The IB is assessed in varied and creative ways, including good old-fashioned terminal exams, proper essays, graphical calculator tasks, and the Group 4 Science project, in which students collaborate on a presentation of a broad scientific topic such as "Environment" or "Colour", drawing on their knowledge across all four science subjects offered within the IB – physics, chemistry, biology, technology and sports health and exercise science. This year students are investigating "Water" and our students will be collaborating with students from around the world through email, Skype and other real-time communication technology to collect and analyse local water samples, explore local environmental issues and present comparative analyses.
But what makes the IB more than the sum of its parts are the three core elements – the Extended Essay, Theory of Knowledge and CAS (Creativity, Action, Service). The extended essay is a 4,000-word piece of original research, tackling a specific question devised by the student and supported by a supervisor. Recent research includes the impact of invasive species on sub-Saharan food crops, or to what extent our brains can compensate for hearing loss. Other exam systems have imitated this, but the IB's original model leads to truly outstanding pieces of work – some at Sevenoaks have led to publication or patents!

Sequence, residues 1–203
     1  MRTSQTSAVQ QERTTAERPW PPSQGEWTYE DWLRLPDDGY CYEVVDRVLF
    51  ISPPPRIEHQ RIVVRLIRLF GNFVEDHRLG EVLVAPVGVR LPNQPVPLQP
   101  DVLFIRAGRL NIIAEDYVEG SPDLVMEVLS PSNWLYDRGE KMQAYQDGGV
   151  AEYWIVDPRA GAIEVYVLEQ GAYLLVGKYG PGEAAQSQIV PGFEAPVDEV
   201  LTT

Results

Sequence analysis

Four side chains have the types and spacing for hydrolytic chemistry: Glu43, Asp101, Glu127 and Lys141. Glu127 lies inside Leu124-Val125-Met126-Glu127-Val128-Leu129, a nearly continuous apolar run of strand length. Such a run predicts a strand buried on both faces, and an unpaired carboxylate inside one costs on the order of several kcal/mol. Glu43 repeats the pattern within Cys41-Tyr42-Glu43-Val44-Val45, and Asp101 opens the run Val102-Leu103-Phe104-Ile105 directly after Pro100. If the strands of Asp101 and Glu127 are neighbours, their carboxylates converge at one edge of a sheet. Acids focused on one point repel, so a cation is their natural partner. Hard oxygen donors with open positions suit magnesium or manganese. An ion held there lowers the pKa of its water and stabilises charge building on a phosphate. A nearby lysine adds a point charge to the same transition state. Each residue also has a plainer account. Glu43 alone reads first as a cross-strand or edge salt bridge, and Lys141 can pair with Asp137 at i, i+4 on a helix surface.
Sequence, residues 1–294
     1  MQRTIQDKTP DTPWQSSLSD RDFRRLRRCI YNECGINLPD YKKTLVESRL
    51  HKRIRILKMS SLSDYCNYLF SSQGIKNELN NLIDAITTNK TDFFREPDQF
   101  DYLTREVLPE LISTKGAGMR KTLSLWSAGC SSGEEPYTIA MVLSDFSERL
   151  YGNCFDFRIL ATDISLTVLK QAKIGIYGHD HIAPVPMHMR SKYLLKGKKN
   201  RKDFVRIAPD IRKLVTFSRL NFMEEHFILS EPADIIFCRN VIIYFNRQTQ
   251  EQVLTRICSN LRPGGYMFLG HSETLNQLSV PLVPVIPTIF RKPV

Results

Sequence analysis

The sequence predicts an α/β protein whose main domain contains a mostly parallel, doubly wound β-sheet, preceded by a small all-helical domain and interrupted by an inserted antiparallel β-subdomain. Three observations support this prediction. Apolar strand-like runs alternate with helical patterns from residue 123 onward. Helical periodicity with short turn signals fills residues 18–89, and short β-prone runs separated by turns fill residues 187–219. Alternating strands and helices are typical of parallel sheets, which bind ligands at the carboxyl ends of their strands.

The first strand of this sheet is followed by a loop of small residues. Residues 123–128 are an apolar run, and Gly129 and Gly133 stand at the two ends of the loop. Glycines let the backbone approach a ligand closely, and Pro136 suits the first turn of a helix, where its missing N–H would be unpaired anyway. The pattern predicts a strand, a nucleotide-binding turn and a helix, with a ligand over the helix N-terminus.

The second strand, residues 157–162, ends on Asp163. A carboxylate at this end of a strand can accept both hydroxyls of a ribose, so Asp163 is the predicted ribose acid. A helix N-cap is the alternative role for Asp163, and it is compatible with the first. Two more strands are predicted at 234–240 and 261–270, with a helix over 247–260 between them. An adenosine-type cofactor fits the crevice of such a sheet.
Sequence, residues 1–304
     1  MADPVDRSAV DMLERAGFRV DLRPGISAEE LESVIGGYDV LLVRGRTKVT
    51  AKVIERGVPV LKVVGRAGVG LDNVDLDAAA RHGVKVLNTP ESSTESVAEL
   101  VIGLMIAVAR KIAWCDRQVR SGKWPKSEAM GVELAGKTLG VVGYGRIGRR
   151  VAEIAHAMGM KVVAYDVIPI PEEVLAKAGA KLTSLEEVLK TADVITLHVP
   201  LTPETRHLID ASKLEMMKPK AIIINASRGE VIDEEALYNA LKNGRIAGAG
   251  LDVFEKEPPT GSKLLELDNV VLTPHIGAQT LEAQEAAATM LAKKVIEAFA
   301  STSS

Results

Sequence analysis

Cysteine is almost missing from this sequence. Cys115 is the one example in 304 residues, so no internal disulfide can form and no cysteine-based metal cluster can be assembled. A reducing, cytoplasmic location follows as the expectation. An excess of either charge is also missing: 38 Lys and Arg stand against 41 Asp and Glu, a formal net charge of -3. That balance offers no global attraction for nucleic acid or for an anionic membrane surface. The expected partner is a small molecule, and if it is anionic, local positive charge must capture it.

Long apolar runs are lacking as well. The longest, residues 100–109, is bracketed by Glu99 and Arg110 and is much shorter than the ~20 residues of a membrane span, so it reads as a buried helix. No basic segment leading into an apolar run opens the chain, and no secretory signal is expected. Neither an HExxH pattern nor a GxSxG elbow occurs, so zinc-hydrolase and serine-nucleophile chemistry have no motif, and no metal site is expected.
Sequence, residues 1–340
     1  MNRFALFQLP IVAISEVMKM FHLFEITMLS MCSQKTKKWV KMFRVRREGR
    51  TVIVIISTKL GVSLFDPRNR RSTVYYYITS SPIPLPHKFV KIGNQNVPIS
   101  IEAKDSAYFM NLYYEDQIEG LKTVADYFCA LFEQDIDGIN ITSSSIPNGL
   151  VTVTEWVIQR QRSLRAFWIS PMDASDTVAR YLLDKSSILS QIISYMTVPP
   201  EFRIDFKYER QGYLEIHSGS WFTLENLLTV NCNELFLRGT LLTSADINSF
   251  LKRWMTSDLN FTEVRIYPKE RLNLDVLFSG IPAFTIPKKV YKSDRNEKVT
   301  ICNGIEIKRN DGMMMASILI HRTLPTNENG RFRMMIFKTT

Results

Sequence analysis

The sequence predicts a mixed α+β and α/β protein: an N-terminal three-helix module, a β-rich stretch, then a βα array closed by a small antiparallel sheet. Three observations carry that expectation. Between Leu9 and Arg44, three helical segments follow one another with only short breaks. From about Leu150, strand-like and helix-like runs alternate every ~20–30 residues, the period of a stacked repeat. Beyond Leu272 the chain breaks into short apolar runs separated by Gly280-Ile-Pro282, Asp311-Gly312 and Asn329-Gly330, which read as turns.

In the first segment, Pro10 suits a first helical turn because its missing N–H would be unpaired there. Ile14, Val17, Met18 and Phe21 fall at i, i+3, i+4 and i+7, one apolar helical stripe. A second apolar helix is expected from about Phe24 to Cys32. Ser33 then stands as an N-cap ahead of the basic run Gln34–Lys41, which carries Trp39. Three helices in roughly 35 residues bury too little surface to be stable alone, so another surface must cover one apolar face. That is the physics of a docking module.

Theory of Knowledge remains unique to the IB. More than its imitator – so-called "critical thinking" – "ToK" requires students to think across their subjects, to connect them, and to take one step back from their own perspective. It requires students to unpick their own assumptions, to think with clarity about real and challenging questions, such as the extent to which disagreement sparks knowledge, or how economic and social circumstances prime us to think in certain ways about the world.
And then there is CAS – Creativity, Action, Service – which carries no points but gives students a structured opportunity to allow and reflect upon the flourishing of mind, body and spirit.